Read the full review here.

Tom Phillips’ Illustrated Inferno (1983)

In 1983, English artist Tom Phillips translated and illustrated his own version of Dante’s Inferno.

Phillips intended that his illustrations should give a visual commentary to Dante’s texts. As he writes in his notebook, ‘The range of imagery matches Dante in breath encompassing everything from Greek mythology to the Berlin Wall, from scriptural reference to a scene in an abattoir, and from alchemical signs to lavatory graffiti.’ And the range of modes of expression is similarly wide, including as it does, early calligraphy, collage, golden section drawings, maps, dragons, doctored photographs, references to other past artworks and specially programmed computer generated graphics.

“‘I have tried in this present version of Dante’s Inferno which I have translated and illustrated to make the book a container for the energy usually expended on large scale paintings… The artist thus tries to reveal the artist in the poet and the poet helps to uncover/release the poet in the artist.’”   —Notes on Dante’s Inferno, Tom Phillips’ website

Phillips also co-directed A TV Dante with Peter Greenaway in 1986.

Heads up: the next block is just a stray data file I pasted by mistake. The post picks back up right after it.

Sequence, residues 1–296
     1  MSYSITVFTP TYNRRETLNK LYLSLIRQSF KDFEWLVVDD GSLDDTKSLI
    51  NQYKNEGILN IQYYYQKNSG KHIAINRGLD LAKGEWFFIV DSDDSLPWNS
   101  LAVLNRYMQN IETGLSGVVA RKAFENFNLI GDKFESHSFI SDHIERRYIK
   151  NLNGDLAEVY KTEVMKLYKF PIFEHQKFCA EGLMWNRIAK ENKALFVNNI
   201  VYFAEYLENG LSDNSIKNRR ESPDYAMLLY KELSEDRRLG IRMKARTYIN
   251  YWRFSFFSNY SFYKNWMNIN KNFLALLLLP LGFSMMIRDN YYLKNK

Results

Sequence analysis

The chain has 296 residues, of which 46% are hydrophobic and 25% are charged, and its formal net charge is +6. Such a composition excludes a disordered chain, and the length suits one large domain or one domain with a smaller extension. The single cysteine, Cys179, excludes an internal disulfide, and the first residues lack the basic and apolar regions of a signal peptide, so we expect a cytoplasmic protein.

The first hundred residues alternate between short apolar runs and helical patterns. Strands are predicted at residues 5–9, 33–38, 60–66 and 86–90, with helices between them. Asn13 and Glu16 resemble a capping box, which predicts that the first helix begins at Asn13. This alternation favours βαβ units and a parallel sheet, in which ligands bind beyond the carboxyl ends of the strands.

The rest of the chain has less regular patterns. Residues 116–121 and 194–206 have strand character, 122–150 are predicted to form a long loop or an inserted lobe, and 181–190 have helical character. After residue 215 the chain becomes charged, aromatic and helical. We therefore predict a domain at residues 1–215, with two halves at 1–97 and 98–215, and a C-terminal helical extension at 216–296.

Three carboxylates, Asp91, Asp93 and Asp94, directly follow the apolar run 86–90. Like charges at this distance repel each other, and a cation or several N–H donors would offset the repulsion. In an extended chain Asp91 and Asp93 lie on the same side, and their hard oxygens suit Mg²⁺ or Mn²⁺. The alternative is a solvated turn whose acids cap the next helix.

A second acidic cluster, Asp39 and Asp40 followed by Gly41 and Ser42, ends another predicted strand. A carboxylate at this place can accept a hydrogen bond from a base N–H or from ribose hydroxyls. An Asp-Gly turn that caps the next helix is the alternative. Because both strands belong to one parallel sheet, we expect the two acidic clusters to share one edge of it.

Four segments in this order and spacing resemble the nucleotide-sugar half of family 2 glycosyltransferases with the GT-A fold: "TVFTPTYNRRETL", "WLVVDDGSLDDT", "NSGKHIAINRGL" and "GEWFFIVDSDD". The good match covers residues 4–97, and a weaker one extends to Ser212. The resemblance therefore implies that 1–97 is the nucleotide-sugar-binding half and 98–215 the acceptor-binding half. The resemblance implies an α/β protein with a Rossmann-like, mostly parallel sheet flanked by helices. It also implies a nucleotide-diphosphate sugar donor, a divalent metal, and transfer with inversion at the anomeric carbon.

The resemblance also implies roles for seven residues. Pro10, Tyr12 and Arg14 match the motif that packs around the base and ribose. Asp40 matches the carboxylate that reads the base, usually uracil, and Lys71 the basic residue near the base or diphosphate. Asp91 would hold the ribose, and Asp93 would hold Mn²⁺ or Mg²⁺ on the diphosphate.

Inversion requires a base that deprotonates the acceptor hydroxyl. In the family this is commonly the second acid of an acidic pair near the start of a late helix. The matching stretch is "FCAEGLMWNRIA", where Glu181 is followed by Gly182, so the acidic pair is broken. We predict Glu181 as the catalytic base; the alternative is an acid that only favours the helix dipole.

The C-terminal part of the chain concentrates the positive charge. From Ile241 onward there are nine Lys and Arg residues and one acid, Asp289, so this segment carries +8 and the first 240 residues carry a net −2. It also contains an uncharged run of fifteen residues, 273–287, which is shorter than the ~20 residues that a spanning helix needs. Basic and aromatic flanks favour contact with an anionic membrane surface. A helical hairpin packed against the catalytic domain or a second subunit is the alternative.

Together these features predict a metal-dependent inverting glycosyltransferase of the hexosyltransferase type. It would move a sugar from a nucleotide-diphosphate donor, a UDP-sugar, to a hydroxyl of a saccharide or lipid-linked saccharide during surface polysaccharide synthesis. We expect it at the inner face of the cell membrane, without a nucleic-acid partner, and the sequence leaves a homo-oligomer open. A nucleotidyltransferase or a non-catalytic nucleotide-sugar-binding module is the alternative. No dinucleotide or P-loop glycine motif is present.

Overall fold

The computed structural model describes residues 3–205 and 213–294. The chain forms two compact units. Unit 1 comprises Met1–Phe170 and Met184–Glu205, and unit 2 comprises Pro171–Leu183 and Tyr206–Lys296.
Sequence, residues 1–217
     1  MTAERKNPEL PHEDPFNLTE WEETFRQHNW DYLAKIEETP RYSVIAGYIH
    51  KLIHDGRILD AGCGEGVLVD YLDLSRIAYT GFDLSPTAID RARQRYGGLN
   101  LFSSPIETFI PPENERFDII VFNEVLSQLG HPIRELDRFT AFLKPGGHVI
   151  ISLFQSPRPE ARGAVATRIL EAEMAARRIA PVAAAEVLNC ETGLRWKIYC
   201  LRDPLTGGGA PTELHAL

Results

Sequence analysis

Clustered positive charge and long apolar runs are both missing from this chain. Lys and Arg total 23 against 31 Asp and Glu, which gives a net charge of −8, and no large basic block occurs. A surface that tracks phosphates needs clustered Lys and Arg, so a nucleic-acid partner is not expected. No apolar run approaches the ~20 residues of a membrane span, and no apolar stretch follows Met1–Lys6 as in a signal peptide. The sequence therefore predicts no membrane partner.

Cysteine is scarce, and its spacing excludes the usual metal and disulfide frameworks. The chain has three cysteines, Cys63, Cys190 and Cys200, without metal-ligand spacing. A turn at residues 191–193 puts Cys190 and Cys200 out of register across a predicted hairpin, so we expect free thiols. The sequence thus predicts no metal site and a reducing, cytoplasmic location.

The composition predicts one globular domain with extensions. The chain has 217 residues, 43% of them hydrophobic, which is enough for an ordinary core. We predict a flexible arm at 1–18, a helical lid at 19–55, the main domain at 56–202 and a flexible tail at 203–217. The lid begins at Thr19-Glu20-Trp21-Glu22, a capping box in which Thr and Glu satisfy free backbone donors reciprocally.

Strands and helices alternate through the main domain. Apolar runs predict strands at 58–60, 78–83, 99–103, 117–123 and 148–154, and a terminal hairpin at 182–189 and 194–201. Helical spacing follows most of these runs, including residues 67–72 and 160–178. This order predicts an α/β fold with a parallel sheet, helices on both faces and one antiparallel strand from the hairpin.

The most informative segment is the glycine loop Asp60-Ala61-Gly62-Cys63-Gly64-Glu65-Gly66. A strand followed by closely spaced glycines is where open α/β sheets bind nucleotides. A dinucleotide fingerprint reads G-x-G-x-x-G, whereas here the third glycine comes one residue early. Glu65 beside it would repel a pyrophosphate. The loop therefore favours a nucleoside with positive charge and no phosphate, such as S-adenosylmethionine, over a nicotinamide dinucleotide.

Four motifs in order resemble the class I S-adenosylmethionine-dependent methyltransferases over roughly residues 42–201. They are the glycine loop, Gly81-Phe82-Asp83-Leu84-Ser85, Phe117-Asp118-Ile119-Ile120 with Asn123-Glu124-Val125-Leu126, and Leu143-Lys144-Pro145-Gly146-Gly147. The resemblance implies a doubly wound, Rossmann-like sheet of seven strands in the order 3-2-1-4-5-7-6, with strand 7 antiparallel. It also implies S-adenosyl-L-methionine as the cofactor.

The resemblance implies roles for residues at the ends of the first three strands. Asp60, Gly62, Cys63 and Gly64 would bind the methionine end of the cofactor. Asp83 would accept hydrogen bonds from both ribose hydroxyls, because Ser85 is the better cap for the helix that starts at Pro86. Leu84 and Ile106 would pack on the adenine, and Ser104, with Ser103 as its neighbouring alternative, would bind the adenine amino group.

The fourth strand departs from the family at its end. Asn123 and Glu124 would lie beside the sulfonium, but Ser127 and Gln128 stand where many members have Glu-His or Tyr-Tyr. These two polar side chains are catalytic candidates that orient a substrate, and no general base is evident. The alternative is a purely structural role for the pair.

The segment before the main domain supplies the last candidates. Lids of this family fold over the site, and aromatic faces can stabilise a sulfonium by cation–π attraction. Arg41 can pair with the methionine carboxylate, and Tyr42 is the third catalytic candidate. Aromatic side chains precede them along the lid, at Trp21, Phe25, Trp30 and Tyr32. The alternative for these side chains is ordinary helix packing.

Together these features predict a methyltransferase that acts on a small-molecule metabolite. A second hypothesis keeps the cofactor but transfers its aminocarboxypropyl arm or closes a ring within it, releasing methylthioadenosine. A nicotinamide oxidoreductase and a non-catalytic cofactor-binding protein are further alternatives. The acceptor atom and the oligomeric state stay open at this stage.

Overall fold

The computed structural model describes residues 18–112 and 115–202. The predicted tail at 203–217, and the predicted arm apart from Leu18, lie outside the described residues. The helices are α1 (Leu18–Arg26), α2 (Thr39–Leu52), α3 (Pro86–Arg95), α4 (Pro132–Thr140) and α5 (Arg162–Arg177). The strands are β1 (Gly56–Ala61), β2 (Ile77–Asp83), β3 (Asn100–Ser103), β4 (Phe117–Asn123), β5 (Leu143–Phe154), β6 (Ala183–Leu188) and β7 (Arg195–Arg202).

Read more about Tom Phillips here.

 

Paradise: Dante’s Divine Trilogy Part Three, by Alasdair Gray (2020)

“Published posthumously, the third instalment of Alasdair Gray’s ‘Englishing’ of Dante’s Divine Comedy is a welcome reminder of the brilliant strangeness of the original.”

“It is darkly ironic that this is a posthumous work given that its great theme is heaven. Alasdair Gray died in 2019, and one ought to take account of the phrase ‘De mortuis nil nisi bonum dicendum’: of the dead nothing but good is to be said. It is not an aphorism that wholly applies to Dante himself, given the glee with which he torments his foes in the first third of the poem, the Inferno. But it is applicable to the Paradiso, the triumphant conclusion.”

[. . .]

“Gray did not call this a translation and it is not. The folksy chumminess of his prosaic verses are all well and good as a crib, but the problem with the Paradiso is that it is profoundly serious. This is a poem that wrestles with free will and predestination, with the different moral qualities of action and contemplation, and above all with the inability of the human to utter the divine. I read the book almost stereoscopically, with three other versions by my side and an excellent online resource from Columbia for the Italian. The Paradiso has images both homely and intellectual, but in this part the tension of the form becomes paramount.”  –Stuart Kelly, The Scotsman, 2020

Read Stuart Kelly’s full review here.

Humanities Magazine’s “What’s the Best Way to Read the Divine Comedy If You Don’t Know Italian?”